Mitigating the risk completely, however, is impossible. Therefore, the CFIA has also developed Guidelines for the General Cleanliness of Food—an Overview, which provides maximum limits for the amount of foreign matter in some foods. Two examples include an allowance for magnetic metal particle size and presence in chocolate and pits or pit fragments in pitted dates. This is a valuable resource for determining acceptable amounts of foreign materials in food and can guide both your HACCP program and your response to customer complaints.
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Explore This IssueAugust/September 2013
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Finished Product and Intended Use. Hazards commonly associated with a food product are often overlooked. For example, if you are producing spaghetti sauce packaged in glass jars, your company has an elevated risk for glass complaints and should have good processes in place to control glass and respond to glass complaints. However, if your finished product is grated cheese, you are also at an elevated risk for glass complaints because your product is often served with spaghetti sauce. If the glass from the jar is eaten with the cheese, your company could receive the complaint. In this case, your company should recognize this risk and have a procedure to handle these complaints. This extra risk assessment is invaluable to determining what type of customer complaints a manufacturer may expect and how the company can direct its investigations accordingly.
Controlling Foreign Material
A HACCP plan is the foundation of effective foreign material control as it identifies the raw materials and process steps where contamination is likely to occur. Using the HACCP risk assessment, as well as industry standards, guidelines, regulations, and scientific studies, the facility can identify the steps in the process where foreign material control is needed. At the manufacturing level, devices commonly used to control foreign material include metal detection, X-ray, optical sorting equipment, mechanical sorting equipment (sieves, screens, filters, and magnets), bone separators, and visual inspection. Farm processing may include destoners, gravity tables, air separation, and visual inspection. This list is not exhaustive, and the devices needed in each facility will depend on the product being made and the manufacturing process.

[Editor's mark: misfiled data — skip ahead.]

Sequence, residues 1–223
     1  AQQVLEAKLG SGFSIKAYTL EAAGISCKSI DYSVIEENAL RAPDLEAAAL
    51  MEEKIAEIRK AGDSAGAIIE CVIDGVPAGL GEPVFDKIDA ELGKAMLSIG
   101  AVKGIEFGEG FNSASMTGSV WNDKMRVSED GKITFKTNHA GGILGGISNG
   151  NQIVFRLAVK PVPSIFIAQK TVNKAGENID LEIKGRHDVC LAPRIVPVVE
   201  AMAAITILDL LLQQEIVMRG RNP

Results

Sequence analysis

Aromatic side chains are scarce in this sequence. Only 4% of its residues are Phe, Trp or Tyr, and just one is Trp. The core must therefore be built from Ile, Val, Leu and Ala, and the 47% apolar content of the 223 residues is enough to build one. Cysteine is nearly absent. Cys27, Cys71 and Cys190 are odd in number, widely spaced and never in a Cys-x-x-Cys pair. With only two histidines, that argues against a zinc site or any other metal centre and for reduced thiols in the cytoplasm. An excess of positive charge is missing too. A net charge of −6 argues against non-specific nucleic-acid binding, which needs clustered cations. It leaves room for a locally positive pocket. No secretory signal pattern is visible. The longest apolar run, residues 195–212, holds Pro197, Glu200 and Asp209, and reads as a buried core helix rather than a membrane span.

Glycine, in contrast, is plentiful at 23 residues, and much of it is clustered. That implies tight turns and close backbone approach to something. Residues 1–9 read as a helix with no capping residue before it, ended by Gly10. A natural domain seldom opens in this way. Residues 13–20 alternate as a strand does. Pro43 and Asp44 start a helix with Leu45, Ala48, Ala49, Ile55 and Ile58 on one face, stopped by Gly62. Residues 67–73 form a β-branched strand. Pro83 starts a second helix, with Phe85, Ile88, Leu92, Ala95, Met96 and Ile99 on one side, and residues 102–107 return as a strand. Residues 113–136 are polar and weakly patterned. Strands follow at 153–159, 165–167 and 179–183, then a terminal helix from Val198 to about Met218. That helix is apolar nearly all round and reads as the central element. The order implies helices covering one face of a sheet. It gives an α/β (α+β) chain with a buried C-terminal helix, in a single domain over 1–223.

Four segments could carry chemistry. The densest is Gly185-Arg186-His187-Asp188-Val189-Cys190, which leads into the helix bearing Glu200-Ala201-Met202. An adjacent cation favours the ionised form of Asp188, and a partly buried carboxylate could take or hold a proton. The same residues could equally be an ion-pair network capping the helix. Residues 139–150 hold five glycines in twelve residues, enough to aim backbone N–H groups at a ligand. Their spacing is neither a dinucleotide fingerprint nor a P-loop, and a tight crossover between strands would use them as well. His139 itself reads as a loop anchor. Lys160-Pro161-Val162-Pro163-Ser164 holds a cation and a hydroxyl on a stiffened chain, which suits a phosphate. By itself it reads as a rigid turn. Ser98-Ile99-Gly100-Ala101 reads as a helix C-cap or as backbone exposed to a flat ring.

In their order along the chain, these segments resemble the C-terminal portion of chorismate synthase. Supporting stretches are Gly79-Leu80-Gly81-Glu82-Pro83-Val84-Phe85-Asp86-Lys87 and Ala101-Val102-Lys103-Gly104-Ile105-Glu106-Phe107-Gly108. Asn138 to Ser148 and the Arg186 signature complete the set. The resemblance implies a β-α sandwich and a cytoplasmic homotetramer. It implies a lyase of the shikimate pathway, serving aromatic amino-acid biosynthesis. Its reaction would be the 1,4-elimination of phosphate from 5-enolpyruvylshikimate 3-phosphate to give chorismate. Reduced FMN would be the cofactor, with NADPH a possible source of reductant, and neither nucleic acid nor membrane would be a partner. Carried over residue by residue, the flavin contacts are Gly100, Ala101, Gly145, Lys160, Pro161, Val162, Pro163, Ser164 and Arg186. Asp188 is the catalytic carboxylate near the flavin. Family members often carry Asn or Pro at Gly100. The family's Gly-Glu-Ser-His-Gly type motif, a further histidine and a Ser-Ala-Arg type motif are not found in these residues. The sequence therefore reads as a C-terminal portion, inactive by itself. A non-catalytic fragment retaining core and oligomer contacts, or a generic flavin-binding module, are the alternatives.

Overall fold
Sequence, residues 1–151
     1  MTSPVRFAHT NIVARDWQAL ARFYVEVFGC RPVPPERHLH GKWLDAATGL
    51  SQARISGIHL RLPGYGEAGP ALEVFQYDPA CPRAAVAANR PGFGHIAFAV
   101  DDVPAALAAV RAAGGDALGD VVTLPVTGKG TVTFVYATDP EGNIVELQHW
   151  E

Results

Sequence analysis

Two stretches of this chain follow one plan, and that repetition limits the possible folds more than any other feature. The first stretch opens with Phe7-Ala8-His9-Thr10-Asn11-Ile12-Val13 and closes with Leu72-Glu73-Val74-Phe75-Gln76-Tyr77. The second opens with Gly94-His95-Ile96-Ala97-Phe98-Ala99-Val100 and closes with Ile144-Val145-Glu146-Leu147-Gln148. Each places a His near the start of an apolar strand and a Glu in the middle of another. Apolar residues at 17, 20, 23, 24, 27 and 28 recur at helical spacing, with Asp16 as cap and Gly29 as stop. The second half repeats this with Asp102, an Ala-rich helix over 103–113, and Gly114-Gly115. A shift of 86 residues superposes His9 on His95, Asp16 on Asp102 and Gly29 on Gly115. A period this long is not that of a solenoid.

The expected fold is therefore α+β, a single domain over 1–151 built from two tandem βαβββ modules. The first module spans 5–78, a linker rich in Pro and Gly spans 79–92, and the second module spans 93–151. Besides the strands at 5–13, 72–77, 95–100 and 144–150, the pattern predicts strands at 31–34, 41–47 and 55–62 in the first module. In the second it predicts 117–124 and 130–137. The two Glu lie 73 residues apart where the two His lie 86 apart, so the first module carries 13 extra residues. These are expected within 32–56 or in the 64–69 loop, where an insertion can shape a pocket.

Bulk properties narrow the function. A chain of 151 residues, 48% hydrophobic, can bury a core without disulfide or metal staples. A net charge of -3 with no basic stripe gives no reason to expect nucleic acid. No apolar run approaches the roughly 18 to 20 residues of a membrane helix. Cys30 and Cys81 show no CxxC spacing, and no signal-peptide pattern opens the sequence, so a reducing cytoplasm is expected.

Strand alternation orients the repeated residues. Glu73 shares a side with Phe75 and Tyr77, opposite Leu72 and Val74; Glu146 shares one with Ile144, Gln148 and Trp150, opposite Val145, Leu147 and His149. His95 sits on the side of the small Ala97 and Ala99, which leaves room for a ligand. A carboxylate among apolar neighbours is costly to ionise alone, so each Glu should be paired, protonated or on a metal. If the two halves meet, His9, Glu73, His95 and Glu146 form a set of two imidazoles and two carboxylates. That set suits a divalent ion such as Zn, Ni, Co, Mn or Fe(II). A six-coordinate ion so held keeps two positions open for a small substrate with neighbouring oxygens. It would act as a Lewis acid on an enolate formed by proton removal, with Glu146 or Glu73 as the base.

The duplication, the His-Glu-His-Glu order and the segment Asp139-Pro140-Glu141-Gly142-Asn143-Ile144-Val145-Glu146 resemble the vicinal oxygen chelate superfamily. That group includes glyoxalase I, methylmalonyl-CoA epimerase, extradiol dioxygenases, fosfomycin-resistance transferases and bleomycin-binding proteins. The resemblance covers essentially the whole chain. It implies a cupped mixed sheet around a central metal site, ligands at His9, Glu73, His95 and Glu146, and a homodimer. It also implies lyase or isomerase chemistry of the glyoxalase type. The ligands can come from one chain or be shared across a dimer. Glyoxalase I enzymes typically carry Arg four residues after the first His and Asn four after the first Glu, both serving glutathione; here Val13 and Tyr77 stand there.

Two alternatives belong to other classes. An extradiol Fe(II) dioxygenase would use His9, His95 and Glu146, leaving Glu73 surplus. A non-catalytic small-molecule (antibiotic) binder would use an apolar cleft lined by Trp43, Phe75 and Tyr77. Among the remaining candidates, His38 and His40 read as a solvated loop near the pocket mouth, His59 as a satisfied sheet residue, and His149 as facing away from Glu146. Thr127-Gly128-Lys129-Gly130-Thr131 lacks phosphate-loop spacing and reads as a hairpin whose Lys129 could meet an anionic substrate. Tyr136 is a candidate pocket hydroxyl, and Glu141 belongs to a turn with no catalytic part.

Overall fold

Once you have identified the required devices, a strong program to control foreign material is necessary. Components of this program include standard operating procedures for activities, corrective action procedures for any deviations that occur, and employee training. Also essential for critical control points is the validation of the system.
When possible, customer complaints should be handled through the customer service department of the organization. These professionals will mitigate the risk from an upset customer, particularly if the consumer was harmed by the foreign material. First, determine if there has been an injury or illness associated with the incident. In this case, advise the consumer to contact a physician or seek medical treatment immediately. The usual consumer and product information should be documented, e.g. lot code or best before date, brand, package size, etc. Second, if the consumer mentions contacting the local or federal public health authority, encourage doing so. This transparency on your part will help to alleviate the consumer’s fears and provides an independent, credible authority to supply information to the consumer. If the customer is particularly difficult, provide this information directly so that a recognized authority can be involved as quickly as possible.
Also, request the object from the customer. While consumers may not want to release it directly to the facility, they will likely release it to a government authority for testing, which is another benefit of involving the government as soon as possible. Once the object has been retrieved from the customer, the investigation can continue. Access to a forensic laboratory is useful to help determine if the material was from your process (e.g. glass baked into bread) or from the consumer’s kitchen (e.g. rock salt that looks like glass).